Bell struggled throughout and said he was bothered by a shoulder injury suffered in last week’s 33-0 victory over Atlanta.

“The shoulder bothered me a lot,” Bell said. “I just couldn’t take the pounding. I fell on it a couple times early, and it was like it pumped soreness into the shoulder.”

It was an erratic day all around for the Rams, who gained just 42 yards rushing but surrendered 429 total yards to Montana and the 49ers.

Everett completed 20 of 33 passes for 199 yards, but his 2 interceptions, both by Lott, killed potential rallies.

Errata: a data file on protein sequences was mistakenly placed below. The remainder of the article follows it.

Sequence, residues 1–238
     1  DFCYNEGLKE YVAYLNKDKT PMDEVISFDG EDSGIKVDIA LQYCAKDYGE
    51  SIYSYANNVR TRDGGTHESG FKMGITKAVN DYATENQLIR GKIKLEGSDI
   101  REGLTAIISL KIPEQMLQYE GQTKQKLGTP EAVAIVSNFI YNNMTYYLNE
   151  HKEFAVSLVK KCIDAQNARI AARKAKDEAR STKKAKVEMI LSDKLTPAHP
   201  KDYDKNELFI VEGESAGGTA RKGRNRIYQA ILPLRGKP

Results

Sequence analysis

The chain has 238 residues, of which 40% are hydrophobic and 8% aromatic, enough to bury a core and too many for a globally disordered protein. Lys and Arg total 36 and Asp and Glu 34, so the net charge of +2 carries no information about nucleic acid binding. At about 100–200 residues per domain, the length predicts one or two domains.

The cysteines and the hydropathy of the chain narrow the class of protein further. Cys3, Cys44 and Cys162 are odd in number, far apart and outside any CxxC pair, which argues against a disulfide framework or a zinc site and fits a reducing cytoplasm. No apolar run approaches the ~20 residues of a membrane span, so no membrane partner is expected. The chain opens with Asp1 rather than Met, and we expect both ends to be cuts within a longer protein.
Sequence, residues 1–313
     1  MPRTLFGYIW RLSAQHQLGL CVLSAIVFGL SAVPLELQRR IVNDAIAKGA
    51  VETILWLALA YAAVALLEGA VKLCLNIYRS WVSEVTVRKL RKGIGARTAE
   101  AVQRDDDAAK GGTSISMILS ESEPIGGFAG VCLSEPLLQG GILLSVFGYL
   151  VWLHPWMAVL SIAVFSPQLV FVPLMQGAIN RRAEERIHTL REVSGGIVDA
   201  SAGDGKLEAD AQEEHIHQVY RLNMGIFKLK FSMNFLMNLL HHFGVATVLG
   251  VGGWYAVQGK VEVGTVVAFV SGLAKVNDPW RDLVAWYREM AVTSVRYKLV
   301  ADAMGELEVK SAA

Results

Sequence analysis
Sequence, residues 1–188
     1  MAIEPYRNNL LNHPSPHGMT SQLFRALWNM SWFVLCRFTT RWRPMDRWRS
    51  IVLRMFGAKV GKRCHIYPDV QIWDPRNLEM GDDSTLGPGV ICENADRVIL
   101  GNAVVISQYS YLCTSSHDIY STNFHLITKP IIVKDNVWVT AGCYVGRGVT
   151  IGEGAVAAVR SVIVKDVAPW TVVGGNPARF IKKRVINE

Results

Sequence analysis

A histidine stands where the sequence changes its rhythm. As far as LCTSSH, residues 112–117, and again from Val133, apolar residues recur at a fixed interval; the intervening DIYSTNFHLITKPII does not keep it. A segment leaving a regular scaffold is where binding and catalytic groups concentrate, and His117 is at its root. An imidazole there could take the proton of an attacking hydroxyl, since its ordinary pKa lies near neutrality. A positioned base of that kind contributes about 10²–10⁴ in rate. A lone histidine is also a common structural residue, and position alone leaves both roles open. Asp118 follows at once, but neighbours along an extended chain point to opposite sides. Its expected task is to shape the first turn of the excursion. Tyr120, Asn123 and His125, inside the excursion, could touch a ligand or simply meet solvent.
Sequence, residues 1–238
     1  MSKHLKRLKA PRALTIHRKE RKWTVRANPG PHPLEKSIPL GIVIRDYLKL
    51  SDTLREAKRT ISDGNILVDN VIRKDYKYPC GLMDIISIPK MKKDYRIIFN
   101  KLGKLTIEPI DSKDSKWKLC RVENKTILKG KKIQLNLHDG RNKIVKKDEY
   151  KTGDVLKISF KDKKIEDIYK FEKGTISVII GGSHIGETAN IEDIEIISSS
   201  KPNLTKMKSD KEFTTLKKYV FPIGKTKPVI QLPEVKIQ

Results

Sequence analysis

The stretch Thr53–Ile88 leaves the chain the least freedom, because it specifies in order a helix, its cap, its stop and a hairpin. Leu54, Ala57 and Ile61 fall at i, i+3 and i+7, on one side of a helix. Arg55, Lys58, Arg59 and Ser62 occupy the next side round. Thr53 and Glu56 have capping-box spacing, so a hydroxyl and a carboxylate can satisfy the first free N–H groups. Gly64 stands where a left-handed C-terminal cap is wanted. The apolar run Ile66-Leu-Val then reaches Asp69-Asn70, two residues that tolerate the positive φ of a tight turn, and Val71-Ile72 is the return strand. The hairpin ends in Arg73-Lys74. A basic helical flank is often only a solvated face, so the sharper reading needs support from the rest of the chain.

Yes, there were moments. Everett’s 44-yard scoring pass to Aaron Cox in the second quarter was perfectly executed, Cox beating Tim McKyer to the right corner of the end zone.

Everett also had a 18-yard scoring pass to Henry Ellard in the third quarter to cut the lead to 17-14.

In the end, it amounted to another loss to the 49ers. That’s four straight, and 11 out of 15.

The 49ers knocked the Rams out of first place and left them breathless.

“To me, it’s a case of us not being ready to play at quite this level yet,” Robinson said. “I told the football team that. “We have 9 weeks, if we keep getting better and improving, we have a chance to be there in the end.”

The end, of course, is a Dec. 18 rematch against the 49ers in Candlestick Park. The Rams have 9 weeks to catch their breath.

Ram Notes